Many in the region also found Trump’s explanation that Soleimani was planning ‘imminent attacks’ on US interests as lacking credibility. Rather, in view of the ‘maximum pressure’ policy on Iran since Trump assumed office, many in the region saw the killing as being driven by US’ domestic politics agenda than any genuine threat posed by Soleimani. [20]

Varied Impact in South Asia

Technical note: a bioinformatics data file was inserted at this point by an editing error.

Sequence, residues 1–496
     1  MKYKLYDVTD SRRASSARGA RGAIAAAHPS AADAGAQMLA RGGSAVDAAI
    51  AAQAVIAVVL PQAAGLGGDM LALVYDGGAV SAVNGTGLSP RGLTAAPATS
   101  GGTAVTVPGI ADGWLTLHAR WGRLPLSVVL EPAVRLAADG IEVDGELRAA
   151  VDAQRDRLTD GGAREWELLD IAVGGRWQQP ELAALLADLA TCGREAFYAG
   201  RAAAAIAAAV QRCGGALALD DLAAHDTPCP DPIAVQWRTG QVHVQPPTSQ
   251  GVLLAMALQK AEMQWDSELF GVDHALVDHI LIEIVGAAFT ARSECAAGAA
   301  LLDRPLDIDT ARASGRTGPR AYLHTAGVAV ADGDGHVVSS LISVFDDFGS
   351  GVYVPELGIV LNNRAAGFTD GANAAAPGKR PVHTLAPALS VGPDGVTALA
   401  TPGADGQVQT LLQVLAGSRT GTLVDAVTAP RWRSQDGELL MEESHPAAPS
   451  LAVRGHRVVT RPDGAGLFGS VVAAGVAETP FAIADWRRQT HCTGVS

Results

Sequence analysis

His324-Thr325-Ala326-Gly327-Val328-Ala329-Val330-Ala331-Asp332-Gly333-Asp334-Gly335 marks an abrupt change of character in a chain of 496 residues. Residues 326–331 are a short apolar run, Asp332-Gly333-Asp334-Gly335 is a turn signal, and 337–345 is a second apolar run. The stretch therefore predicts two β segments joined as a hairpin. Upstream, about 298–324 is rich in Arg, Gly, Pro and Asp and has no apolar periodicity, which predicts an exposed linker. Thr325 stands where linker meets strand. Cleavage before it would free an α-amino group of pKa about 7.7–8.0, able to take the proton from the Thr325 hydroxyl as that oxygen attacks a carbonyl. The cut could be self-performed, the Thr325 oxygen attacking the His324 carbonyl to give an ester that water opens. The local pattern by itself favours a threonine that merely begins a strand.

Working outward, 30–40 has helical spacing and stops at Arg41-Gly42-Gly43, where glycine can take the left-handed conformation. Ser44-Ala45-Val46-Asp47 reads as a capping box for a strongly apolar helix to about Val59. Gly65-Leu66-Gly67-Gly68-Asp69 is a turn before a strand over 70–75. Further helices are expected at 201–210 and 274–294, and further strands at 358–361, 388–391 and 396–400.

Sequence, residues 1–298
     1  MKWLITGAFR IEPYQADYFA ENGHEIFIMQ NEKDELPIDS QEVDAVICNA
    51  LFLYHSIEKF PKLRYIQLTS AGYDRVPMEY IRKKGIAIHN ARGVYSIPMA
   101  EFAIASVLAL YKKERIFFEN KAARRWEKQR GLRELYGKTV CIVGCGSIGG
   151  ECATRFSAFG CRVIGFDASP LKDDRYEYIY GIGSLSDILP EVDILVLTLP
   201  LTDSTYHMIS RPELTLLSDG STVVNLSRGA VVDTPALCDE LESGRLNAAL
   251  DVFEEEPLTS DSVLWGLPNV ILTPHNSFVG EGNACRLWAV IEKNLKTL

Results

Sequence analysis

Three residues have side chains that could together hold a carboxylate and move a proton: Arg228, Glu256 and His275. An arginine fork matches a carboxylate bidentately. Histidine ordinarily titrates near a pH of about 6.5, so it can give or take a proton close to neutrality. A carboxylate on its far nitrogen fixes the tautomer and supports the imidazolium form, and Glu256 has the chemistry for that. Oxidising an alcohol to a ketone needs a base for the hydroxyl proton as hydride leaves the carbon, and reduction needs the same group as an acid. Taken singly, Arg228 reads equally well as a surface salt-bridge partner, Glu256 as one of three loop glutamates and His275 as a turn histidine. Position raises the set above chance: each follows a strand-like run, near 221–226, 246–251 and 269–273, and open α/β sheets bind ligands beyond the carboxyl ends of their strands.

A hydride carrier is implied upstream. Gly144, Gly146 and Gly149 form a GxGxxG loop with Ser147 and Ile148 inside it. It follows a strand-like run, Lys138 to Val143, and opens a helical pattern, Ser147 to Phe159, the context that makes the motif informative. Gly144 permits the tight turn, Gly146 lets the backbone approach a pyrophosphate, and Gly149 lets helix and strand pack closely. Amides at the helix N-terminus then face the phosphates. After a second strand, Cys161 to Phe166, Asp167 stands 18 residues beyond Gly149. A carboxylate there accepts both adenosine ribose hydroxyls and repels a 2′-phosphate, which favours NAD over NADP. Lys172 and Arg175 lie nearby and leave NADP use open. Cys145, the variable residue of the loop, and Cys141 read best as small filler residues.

Using Barry Buzan’s concept of South Asia as a regional security complex, Soleimani’s killing can have varied impact especially in Afghanistan, Pakistan and India.[21] The biggest area of direct impact is likely to be Afghanistan. General David Petraeus, the former Central Command commander and former Director of the CIA, is on record stating that Soleimani sent him a message saying that he was in control of Iran’s policy with respect to Iraq, Lebanon, Gaza and Afghanistan”.[22] This becomes all the more important as Soleimani’s successor, Esmael Qaani, who was the Deputy Commander of QF since 1997, was responsible for operations in eastern Iran that also covered Afghanistan, Pakistan and Central Asia. In view of the potential deterioration of American-Iranian relations, Afghanistan, where many of Iran’s proxies operate, can complicate the security situation. Similarly, Pakistan has to walk a tight rope as Iran has an inside track to the significant Shia population in Pakistan (15-20 percent of its total population).[23] The QF was known to have recruited significant Shia militias in Afghanistan and Pakistan respectively for operations in Syria, the so-called Liwa Fatemiyoun and Liwa Zainabiyoun. These militias can be easily turned against the authorities in Kabul and Islamabad if they were to side with Washington against Tehran. Clearly, Iran is in a position to carry out reprisal strikes against the 12,000 American troops in Afghanistan. Iran has also been supporting the Afghan Taliban in Afghanistan due to their common anti-American policies in Afghanistan.[24] While Iran may not want to dissuade the Americans from changing their mind about a military withdrawal from Afghanistan, it is unlikely to cease its policy of weakening IS’ presence and raising the cost of American presence in Afghanistan.[25]